Guest Blogger: Don Weisman, American Heart Association Hawaii Government Relations Director
Just a few weeks ago Arizona became the 32nd state to insure that all high school students will receive CPR training in schools. States that have CPR training policies will have thousands of new potential lifesavers added to their communities each year.
The American Heart Association’s Hawaii Division Board of Directors and volunteers want Hawaii to join the 32 other states that have added CPR training to the high school experience and continue to make passage of a CPR in Schools policy a priority for Hawaii public high schools.
The goal is to secure a Hawaii Board of Education (BOE) policy that would make CPR training part of Hawaii high schools’ health class curriculum. Since a health class credit is already needed for high school graduation in Hawaii, such a policy would result in virtually every high school student learning the important life-saving technique.
One of our most active volunteers on this issue is Emergency Room Physician Elizabeth Char. Dr. Char and AHA Hawaii Division Board Member Paul Yokota recently presented information to the Hawaii BOE about the AHA’s work to-date to provide Hawaii high schools with the equipment, materials and teacher training that will be needed to implement the policy.
While many schools offer CPR training on a volunteer basis, the AHA pointed out that policy is needed to ensure that all students receive the training and that the training lessons are sustained.
Char presented with passion on the issue:
“Currently 32 states have added CPR training in high school policies. It would be great to see all states pass CPR in schools policy as part of the nationwide effort to improve survival from out of hospital cardiac arrest.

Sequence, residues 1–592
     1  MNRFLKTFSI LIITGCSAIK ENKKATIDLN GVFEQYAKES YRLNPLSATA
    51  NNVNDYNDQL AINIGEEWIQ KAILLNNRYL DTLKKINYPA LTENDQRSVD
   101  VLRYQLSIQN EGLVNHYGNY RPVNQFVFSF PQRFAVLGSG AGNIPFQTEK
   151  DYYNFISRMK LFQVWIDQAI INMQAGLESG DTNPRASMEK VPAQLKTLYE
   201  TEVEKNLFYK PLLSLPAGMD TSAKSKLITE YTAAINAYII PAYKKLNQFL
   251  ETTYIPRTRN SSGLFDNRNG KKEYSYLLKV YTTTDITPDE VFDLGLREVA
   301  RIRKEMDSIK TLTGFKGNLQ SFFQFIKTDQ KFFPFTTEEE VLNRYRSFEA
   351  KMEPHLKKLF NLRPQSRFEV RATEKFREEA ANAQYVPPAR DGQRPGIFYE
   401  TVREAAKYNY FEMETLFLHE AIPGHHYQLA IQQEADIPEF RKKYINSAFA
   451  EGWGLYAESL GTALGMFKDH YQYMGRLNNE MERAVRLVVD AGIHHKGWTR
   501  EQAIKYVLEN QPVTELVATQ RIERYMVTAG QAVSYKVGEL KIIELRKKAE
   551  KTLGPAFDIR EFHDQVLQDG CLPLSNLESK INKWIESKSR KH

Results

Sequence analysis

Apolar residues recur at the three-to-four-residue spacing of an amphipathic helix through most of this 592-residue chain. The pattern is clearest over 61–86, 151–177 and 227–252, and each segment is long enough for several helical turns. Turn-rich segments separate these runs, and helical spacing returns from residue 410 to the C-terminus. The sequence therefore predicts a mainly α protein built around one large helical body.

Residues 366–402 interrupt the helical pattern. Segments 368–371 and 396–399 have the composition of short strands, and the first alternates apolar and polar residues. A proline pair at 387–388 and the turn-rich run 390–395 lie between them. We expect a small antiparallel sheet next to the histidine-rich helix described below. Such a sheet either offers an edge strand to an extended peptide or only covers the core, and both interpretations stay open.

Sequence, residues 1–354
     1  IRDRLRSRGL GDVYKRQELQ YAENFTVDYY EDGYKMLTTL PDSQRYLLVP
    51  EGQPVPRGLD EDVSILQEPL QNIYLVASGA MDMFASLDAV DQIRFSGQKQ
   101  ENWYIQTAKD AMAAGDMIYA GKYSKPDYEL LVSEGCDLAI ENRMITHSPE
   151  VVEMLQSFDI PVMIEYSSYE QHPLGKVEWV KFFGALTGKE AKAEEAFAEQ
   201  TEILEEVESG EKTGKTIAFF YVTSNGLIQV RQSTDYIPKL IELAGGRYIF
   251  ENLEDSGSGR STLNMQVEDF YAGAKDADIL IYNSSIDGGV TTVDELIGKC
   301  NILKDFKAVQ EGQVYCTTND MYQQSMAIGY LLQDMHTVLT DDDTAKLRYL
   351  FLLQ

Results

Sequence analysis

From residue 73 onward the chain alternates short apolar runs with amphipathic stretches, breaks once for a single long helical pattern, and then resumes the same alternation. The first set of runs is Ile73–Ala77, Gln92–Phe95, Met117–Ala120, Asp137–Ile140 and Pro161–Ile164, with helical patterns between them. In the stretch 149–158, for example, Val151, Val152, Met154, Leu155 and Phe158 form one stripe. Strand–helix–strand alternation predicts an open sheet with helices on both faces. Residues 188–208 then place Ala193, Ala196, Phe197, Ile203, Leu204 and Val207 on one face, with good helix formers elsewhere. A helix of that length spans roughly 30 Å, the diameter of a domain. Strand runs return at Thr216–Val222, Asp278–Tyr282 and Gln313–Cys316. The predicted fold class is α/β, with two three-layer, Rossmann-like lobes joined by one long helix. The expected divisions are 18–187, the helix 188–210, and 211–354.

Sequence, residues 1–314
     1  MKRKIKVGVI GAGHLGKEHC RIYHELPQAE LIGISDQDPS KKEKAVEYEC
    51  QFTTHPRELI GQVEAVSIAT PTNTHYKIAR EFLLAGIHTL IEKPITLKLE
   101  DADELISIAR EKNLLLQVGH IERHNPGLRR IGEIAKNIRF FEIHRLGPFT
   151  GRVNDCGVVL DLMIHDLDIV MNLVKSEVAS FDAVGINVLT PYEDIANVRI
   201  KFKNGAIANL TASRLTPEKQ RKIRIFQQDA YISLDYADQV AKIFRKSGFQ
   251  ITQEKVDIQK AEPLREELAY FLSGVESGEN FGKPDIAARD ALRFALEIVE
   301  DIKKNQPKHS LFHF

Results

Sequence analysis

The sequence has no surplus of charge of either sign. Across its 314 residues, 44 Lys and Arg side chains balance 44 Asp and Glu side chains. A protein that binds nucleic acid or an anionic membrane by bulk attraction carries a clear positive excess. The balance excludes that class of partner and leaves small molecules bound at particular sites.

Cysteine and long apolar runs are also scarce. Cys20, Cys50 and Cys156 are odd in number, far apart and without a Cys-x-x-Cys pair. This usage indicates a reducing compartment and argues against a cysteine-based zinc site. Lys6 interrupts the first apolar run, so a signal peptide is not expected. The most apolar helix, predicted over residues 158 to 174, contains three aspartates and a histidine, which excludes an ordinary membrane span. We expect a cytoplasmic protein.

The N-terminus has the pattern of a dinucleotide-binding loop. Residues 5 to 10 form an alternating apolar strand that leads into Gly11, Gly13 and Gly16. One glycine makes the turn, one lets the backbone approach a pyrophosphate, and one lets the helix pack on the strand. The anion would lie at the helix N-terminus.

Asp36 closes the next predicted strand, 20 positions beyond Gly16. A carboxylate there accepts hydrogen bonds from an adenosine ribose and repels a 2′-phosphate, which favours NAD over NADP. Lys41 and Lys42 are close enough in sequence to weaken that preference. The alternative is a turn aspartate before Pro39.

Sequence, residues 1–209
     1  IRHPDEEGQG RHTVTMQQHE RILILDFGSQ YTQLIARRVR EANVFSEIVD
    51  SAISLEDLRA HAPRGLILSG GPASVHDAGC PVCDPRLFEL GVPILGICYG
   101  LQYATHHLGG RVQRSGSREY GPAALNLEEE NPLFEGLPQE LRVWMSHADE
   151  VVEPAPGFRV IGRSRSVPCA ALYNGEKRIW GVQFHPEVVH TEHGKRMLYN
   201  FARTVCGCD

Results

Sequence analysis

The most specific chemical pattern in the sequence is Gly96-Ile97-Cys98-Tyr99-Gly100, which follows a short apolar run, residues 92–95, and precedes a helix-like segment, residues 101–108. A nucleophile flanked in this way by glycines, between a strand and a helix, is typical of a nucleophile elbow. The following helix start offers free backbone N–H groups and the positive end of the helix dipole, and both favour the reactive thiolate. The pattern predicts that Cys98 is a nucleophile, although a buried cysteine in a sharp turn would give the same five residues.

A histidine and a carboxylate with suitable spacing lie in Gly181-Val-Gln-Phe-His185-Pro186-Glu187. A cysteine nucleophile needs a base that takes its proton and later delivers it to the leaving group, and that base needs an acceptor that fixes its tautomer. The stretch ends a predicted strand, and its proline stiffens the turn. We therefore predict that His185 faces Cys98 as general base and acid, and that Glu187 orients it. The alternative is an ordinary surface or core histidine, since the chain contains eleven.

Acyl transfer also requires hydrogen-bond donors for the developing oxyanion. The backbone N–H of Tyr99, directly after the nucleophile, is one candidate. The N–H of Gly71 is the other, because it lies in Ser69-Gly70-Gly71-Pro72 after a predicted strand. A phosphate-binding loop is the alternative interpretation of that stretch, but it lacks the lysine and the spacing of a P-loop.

Hawaii can achieve better survival rates through a better educated community, and that includes our students, and professional rescuers. There are many states that have much better survival rates than Hawaii’s, so we know we can do better.”
Cardiac arrest can occur with no warning or symptoms from an electrical short circuit in the heart. No one is immune to it - not even children, athletes and seemingly healthy adults. However, cardiac arrest can also be related to blockages of the coronary arteries, as might occur with a heart attack.
Each year, more than 326,000 emergency medical services-assessed out-of-hospital cardiac arrests occur in the United States, and of this figure an estimated 6,300 out-of-hospital cardiac arrests happen to children. “Hands-only” CPR, which is being recommended for Hawaii schools, can be taught in less than 30 minutes, or the time it takes to conduct one health class.
Please watch for future action alerts for opportunities to lend your voice of support to the AHA’s efforts to pass CPR in Schools policy for Hawaii students.